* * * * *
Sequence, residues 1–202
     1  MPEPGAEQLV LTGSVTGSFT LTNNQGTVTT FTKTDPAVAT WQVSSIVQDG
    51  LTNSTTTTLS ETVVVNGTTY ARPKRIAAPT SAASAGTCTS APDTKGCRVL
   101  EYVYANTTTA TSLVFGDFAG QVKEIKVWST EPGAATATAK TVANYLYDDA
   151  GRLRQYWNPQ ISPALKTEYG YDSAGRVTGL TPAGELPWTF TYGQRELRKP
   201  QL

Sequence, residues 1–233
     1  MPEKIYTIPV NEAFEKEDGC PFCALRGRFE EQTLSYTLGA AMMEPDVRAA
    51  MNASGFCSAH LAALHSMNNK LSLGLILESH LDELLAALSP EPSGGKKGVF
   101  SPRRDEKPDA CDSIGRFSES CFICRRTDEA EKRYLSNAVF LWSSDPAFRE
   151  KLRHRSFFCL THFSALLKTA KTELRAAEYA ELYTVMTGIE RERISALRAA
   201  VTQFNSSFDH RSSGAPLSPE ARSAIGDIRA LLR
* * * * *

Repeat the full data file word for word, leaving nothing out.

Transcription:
Sequence, residues 1–202
     1  MPEPGAEQLV LTGSVTGSFT LTNNQGTVTT FTKTDPAVAT WQVSSIVQDG
    51  LTNSTTTTLS ETVVVNGTTY ARPKRIAAPT SAASAGTCTS APDTKGCRVL
   101  EYVYANTTTA TSLVFGDFAG QVKEIKVWST EPGAATATAK TVANYLYDDA
   151  GRLRQYWNPQ ISPALKTEYG YDSAGRVTGL TPAGELPWTF TYGQRELRKP
   201  QL

Sequence, residues 1–233
     1  MPEKIYTIPV NEAFEKEDGC PFCALRGRFE EQTLSYTLGA AMMEPDVRAA
    51  MNASGFCSAH LAALHSMNNK LSLGLILESH LDELLAALSP EPSGGKKGVF
   101  SPRRDEKPDA CDSIGRFSES CFICRRTDEA EKRYLSNAVF LWSSDPAFRE
   151  KLRHRSFFCL THFSALLKTA KTELRAAEYA ELYTVMTGIE RERISALRAA
   201  VTQFNSSFDH RSSGAPLSPE ARSAIGDIRA LLR